110 years after its first and last voyage, we remember the RMS Titanic and its touted “unsinkability” as one of the resounding ironies of maritime history. But 1912 also saw the launch of another newly built yet ill-fated ship whose name proved all too apt: Endurance, as it was rechristened by Sir Ernest Shackleton when he purchased it to use on his Imperial Trans-Antarctic Expedition of 1914. In January of the following year, Endurance got stuck in the ice of the Weddell Sea off Antarctica, and over the following ten months that ice slowly crushed and ultimately sank the ship. But her whole crew survived, thanks to Shackleton’s leading them more than 800 miles over the open ocean to safety.
Shackleton and his men have been celebrated for their endurance; as for Endurance herself, it has spent more than a century unseen at the bottom of the ocean — unseen, that is, until now. “A team of adventurers, marine archaeologists and technicians located the wreck at the bottom of the Weddell Sea, east of the Antarctic Peninsula, using undersea drones,” writes the New York Times‘ Henry Fountain. “Battling sea ice and freezing temperatures, the team had been searching for more than two weeks in a 150-square-mile area around where the ship went down in 1915.”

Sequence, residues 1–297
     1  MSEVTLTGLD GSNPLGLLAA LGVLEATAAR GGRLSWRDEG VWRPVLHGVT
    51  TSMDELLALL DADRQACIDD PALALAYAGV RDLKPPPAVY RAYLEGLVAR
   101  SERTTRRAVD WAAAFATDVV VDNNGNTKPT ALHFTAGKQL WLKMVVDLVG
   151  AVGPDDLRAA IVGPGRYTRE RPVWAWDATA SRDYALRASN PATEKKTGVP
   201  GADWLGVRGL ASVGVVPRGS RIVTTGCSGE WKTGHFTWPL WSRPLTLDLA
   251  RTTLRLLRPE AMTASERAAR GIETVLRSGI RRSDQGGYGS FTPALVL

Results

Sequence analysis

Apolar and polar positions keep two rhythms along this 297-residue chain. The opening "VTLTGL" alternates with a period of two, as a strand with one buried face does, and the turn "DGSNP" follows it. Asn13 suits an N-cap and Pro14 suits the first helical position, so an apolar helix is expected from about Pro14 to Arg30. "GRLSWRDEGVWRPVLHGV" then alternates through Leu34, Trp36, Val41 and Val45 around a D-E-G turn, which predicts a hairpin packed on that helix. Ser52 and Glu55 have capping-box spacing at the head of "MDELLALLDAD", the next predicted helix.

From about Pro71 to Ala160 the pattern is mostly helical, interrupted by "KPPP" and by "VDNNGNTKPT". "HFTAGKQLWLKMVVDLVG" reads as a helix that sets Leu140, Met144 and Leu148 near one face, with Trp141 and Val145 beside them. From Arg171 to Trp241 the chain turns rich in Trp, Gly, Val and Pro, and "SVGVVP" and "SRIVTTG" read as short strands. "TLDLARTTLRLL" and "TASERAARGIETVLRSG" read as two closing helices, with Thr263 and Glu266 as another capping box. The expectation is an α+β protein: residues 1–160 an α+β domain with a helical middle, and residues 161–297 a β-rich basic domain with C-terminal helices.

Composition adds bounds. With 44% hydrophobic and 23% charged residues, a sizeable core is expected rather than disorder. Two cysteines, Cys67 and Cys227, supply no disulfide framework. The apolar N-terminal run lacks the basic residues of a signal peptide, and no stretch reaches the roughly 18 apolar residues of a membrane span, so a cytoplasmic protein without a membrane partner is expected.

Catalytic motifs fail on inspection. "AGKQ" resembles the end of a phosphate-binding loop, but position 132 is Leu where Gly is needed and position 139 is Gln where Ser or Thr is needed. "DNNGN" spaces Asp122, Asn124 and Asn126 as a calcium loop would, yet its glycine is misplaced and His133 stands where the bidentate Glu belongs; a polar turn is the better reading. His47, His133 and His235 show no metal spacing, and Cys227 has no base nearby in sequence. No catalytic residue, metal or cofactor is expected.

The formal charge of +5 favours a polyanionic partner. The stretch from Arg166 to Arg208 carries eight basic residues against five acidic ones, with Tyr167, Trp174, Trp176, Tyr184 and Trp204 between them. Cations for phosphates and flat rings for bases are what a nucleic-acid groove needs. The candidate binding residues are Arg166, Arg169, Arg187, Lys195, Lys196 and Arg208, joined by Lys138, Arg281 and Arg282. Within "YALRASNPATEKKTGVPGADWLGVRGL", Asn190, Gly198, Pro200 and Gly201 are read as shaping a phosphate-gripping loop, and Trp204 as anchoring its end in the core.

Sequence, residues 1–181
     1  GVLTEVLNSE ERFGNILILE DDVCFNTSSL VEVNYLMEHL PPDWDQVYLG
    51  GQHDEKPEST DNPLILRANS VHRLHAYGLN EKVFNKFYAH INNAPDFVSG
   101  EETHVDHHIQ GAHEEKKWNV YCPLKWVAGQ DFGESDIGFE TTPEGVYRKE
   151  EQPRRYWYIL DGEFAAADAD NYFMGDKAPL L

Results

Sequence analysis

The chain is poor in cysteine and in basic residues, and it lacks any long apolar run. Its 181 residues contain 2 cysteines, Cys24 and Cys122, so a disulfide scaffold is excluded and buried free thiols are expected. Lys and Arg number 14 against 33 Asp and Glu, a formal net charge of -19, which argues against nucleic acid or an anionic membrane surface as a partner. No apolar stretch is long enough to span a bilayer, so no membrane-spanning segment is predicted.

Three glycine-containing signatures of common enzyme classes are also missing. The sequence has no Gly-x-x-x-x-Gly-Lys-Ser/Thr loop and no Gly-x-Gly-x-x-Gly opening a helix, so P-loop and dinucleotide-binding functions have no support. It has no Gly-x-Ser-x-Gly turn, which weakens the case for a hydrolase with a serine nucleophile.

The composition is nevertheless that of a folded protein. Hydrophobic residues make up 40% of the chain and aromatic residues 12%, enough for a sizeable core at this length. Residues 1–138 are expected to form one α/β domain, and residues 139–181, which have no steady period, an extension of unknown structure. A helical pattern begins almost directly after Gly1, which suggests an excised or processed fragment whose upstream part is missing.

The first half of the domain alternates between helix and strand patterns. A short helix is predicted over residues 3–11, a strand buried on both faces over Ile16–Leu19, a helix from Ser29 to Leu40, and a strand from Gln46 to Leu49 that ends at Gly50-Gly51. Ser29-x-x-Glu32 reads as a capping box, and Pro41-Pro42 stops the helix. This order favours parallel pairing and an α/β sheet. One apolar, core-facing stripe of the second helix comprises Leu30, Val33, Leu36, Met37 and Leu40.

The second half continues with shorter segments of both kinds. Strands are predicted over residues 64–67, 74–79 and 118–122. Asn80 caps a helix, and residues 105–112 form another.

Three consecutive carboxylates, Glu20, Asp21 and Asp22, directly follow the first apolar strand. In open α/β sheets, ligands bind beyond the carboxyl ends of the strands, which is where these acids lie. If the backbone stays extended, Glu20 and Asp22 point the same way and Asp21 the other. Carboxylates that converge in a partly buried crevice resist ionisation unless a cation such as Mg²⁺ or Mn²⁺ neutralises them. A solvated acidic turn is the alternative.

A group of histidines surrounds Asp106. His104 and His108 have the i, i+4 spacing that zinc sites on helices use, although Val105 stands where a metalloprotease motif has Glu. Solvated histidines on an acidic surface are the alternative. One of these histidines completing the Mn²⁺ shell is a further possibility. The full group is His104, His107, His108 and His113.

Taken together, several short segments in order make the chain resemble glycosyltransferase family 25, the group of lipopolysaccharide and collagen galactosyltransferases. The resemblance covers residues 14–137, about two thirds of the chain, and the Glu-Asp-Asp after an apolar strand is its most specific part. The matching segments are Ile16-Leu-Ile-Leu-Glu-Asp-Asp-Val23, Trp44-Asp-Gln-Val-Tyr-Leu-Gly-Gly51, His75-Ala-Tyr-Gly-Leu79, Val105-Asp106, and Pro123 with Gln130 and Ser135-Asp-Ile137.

Time turns out to have been kind to Shackleton’s ship: “Endurance’s relatively pristine appearance was not unexpected, given the cold water and the lack of wood-eating marine organisms in the Weddell Sea that have ravaged shipwrecks elsewhere.” You can glimpse Endurance in her watery grave in the Marine Technology TV video at the top of the post. But you’ll also see a lot more of another impressive ship: Agulhas II, the South African icebreaker used by Endurance22, as the $10 million research expedition was called. Whatever the challenges posed by finally tracking down Endurance, their brunt wasn’t borne by that mighty vessel.
“Aside from a few technical glitches involving the two submersibles, and part of a day spent icebound when operations were suspended, the search proceeded relatively smoothly,” reports Fountain. The nature of this expedition, especially in its use of submersibles to observe the wreckage without disturbing it, may bring back to mind (for those of us of a certain age) the 1992 documentary Titanica, which astonished us with the first up-close, IMAX-sized views of the sunken Titanic. Considering the advancements in exploratory and photographic technology in the three decades since — and the condition of Endurance itself — the film that eventually results from Endurance22 should astonish us all over again.
For anyone interested in Shackleton’s remarkable adventure, we recommend the book The Endurance: Shackleton’s Legendary Antarctic Expedition.
Based in Seoul, Colin Marshall writes and broadcasts on cities, language, and culture. His projects include the Substack newsletter Books on Cities, the book The Stateless City: a Walk through 21st-Century Los Angeles and the video series The City in Cinema. Follow him on Twitter at @colinmarshall or on Facebook.